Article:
A similar distinction has been drawn between "religions of structure" and "religions of salvation" on the basis of which members are classified accordingly. In religions of structure, such as African religions, members are removed from experience-induced choice and are riveted to this world, with the constant repetition and dramatization of symbols to drill the habit of submission to ritual alignment and conformity. Islam fits well into this category. In religions of salvation, by contrast, sensory experience of the world is replaced by a focus on subjective thoughts and awareness, that is to say, on the mind as the site of apprehending truth. Christianity belongs here. This distinction can, however, be criticized as an oversimplification, yet aspects of it resonate well with the facts on the ground. To take one example, the visible symbols of Muslim practice, the cultural forms of worship with their routine distinctive bodily movements, dietary observance, ritual washing, and Arabic chants, all draw attention to the outward appearance of the religion. Rote phonetic memorization of Arabic tones and sounds without comprehension, for example, provides a well-known illustration. Certainly in Muslim Africa many conversions take on the quality of 'structural' alignment in dress, food, washing, standing and sitting for prayer, daily custom, the weekly Friday mosque gathering, and the culminating annual pilgrimage to Mecca, personal or vicarious. Reform of religious life in theory takes the form of judgment on the duty of alignment to the prescribed structures. Conviction (and conversion) here is a matter of prescriptive judgment, not of individual disposition.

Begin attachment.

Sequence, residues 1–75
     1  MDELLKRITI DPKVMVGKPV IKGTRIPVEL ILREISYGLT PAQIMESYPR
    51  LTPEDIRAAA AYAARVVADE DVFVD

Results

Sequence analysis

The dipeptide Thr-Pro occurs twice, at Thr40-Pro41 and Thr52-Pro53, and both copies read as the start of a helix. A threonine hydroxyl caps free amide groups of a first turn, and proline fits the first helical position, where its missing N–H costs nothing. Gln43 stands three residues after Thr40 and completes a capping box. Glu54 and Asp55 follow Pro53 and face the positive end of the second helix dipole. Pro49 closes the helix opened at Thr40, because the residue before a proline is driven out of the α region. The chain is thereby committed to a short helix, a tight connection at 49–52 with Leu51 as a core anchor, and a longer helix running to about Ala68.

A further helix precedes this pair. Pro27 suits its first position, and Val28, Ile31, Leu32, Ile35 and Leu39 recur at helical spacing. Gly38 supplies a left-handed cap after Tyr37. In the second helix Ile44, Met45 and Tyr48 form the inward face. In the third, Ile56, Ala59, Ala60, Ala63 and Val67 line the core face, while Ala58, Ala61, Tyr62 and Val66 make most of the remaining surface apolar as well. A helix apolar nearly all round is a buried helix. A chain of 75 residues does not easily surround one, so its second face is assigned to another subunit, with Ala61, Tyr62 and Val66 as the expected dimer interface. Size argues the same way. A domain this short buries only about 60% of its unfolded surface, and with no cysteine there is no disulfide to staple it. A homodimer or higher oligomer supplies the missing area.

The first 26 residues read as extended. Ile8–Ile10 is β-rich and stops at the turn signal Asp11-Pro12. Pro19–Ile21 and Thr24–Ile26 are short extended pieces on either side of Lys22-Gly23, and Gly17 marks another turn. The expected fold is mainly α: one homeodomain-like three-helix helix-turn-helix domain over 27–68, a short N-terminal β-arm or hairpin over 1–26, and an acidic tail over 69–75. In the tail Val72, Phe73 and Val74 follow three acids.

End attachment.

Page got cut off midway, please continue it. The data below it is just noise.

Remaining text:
The evidence of conversion and the role of converts make it imperative that we examine the subject not just as an ideal type, whether as hysteria or illumination, but as a deeply human phenomenon entangled in matters of personal identity and social boundary. The subject defies a single-cause explanation, especially if converts themselves are disregarded in the process. The literature on conversion is rich on historical documentation and in theoretical sophistication, with descriptive accounts competing with explanatory models for our attention. Yet we should not neglect the human and personal aspects. In the end, whether or not we take the high road, conversion by general consent has depth of field that makes it suited to broad comparative review as well as to nuanced theoretical analysis.